Building on yesterday’s post, I made up a sponge last night and this morning I added the rest of the ingredients to make a nice dough. The first bulk ferment took only 3.5 hours. I pushed down the dough and let it raise another 1.5 hours. Then I took half the dough and put it in the refrigerator for 1/2 an hour to slow it down so all of the loaves wouldn’t be ready at the same time to be baked. The other half I shaped into loaves. I am using my nice Marine canvas couche. Gary won one of the other couches in the contest on the forum, I’ll have to see how he likes it once he starts baking up bread again this Fall. Here is the dough 3.5 hours after mixing:
I divided the dough into four pieces at 1 lb 4 oz each. This dough is a lower hydration dough so it is not as sticky and is easy to work with. I do prefer the higher hydration dough, I have just gone in the direction of lower hydration dough to work on San Francisco Style loaves. Here are the loaves in their couche, the two on the right were shaped first and the two on the left were refrigerated for a short time to slow them down:
I slashed the dough with Bill’s handcrafted lame:
The loaves came out really nice. Because of the shortness of the fermentation, the crust didn’t have the blisters. The first two loaves were slightly underproofed and were a bit denser and didn’t show as pronounced a grigne as the second two. Lower hydration dough is a different beast and I am still getting used to the proofing of it.Here is the crumb which needs to be more open. Try try again!
The flavor of this starter is quite good. I am working on another batch, which will end up being a two day dough. It should be interesting.
I have four different San Francisco Starters. I have finished an experiment designed to show me why they act differently when I use them for baking. SF # 1 was always a dud, bread baked using it was poor. SF # 2 has been a good starter. It has taken a bit longer to ferment, but with long soured dough that is acceptable when the flavor is good.SF # 3 has been a good starter from the start and so has SF # 4. They are both quick to respond and vigorous. The last time I experimented with the potentials of my Alaska starters, I found that one had a proofing time of 21 hours!!! The other peaked at only 3.5 hours and always peaks at that time consistantly. So I just wanted to see the potential for the four SF starters. Here is what I found:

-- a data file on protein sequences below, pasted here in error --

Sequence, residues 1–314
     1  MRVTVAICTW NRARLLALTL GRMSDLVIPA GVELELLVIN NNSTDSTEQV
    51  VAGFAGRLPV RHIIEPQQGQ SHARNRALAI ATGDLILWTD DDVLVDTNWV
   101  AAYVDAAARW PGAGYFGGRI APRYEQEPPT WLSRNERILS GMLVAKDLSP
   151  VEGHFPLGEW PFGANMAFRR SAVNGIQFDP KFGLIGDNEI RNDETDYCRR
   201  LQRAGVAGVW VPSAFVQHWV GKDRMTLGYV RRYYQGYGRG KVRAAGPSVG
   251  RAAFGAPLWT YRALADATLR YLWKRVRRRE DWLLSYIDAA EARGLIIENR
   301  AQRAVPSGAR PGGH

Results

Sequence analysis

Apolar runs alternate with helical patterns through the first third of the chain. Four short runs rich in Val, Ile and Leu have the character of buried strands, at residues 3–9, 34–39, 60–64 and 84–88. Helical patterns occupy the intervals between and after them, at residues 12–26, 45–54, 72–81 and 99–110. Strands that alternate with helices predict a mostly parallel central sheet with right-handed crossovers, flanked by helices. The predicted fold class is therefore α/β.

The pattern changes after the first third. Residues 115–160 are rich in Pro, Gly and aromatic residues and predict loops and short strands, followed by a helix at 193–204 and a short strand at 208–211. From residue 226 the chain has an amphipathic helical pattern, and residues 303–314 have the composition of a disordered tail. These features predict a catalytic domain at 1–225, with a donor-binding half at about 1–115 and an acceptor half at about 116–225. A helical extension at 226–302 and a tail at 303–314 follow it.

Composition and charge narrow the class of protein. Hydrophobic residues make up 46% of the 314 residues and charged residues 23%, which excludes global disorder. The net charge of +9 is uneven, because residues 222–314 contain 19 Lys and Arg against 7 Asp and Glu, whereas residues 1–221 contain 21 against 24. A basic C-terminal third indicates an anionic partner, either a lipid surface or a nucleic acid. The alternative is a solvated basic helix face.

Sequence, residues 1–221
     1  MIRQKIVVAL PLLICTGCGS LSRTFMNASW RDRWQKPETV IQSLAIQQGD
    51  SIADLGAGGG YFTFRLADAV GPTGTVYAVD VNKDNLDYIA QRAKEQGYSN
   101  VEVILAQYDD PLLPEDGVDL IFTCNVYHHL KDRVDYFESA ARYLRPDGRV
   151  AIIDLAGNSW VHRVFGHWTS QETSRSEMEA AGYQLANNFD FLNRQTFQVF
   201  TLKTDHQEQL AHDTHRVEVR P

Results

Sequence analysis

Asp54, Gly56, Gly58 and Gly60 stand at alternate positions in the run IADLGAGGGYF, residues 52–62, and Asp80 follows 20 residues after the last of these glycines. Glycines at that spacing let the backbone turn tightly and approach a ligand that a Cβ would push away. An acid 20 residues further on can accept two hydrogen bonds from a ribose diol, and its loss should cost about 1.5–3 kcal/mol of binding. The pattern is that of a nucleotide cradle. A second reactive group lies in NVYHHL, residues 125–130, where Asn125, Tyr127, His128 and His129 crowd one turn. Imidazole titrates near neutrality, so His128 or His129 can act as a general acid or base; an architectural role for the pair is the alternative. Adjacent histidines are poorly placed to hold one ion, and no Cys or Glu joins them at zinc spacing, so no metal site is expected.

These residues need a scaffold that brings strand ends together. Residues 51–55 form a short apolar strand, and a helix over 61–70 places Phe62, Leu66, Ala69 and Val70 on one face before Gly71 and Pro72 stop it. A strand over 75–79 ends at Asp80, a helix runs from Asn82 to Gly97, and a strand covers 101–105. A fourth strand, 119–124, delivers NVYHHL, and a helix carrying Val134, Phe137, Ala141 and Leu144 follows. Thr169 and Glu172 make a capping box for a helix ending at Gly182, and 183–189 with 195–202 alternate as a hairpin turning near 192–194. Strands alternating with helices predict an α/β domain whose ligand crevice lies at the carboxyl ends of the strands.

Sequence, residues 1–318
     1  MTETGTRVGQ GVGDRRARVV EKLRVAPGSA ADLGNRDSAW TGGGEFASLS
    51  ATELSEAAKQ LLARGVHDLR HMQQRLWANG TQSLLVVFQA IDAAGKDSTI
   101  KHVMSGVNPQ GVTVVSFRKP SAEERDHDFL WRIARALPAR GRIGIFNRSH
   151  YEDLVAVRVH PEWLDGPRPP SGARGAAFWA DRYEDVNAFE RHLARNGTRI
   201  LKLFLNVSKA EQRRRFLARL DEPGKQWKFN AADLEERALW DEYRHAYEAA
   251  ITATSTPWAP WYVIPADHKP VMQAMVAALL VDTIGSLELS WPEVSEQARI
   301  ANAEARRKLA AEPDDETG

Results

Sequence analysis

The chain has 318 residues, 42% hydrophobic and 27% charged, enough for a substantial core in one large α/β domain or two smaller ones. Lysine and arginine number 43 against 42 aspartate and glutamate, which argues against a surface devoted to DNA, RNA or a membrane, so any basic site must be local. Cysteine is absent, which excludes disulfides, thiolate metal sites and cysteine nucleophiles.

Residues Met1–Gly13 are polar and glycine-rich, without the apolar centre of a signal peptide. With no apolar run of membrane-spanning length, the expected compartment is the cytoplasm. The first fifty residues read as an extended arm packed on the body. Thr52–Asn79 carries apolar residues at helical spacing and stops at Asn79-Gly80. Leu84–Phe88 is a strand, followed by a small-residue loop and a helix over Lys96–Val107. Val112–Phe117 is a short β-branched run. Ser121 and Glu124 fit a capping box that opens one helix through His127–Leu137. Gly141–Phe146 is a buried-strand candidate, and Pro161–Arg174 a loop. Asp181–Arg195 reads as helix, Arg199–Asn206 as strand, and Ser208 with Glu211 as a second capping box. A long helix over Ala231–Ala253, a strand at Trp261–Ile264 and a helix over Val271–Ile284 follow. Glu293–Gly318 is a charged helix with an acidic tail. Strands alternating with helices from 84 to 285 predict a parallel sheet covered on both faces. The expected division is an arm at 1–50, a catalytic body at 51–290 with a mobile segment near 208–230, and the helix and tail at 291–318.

Here are the starters at zero hour:
The starters did not move until the third hour so there was no reason to take pics:
At four hours:
Notice SF # 1,2 aren’t budging yet.
Here they area at hour 5:
Here they are at hour 6 which it the time many expect a dough to be finished bulk fermenting.Of course a dough would be at a lower hydration and the rise time would be different. Starter # 4 peaked at 6.5 hours and stayed there for awhile.
Here they are at hour 7:
Here they are at 8 hours. SF # 3 peaked at 8 hours and fell to the six hour position. It stayed there for a while.
At nine hours SF # 4 had made a recovery and was on its way up again.So was SF # 3 it was sitting between the 6 and 7 hour mark.
A peek at SF #1 & 2 inside:
Inside peek at SF # 3 & 4:
In this picture you can see that SF# 1 is continuing to rise, SF # 2 peaked at 10 hours and 3 & 4 are still slowly rising more.
Here they are at 11 hours:
Here is the last picture at 12 hours.
Within the next hour Sf # 1 peaked and fell.SF # 2 is on the rise from its fall. SF # 3 looks the most bubbly and is still on the rise. SF # 4 is about the same or falling a bit.
So thats it. My conclusions are that SF # 1 isn’t worth the effort at taking 11 hours to barely double and over 12 hours to peak. There are limits to how long bread should take! SF # 2 doubled at about 8.5 hours and peaked at 10 hours. That is still acceptable to me as long as I know I need a starter with oomph after a long ferment when I would bulk ferment maybe 6 hours and have a long retardation of the dough to develop flavor. I would keep in mind the length needed though as not all recipes or doughs would like such a long time to proof. Ryes and Wheats might get too sour.
SF # 3 & 4 had a similar rise with # 4 being the fastest with the early ferment and # 3 sustaining a longer proof. These two seem the ones to work with as they can do a bulk ferment and sustain for a long proof and have plenty of oomph left to do the job.
I have made some great bread with SF Starters 2,3 & 4. Now that I know what their strengths and weaknesses are, I can better plan which starter to use with what recipe. for instance, I would use # 4 to make a one nigh sour because it is fast in the early stages. I would also use it for a one day bread. I would use # 2 for a long Two Night Super Sour or other breads that would like a slow fermentation and long sustain. SF #3 can be used for medium and longer fermentation but not too well for the one day doughs. Experiment with your starter and see what it can do, you will make better bread!
I now have four SF starters. So far, this last starter has been very vigorous. I made up some Whole Wheat Potato Sourdough with it and it came out great. The only problem I have with it, is holding it back. The starter is very full of bubbles and very vigorous. The bulk proofing doesn’t seem to be a problem but after shaping and during the second proof, it is a very fast riser. I am wondering if this dough would freeze successfully and then thaw and bounce back well for frozen doughs. It might be worth a try. Here is the dough at five hours bulk ferment with the salt already added: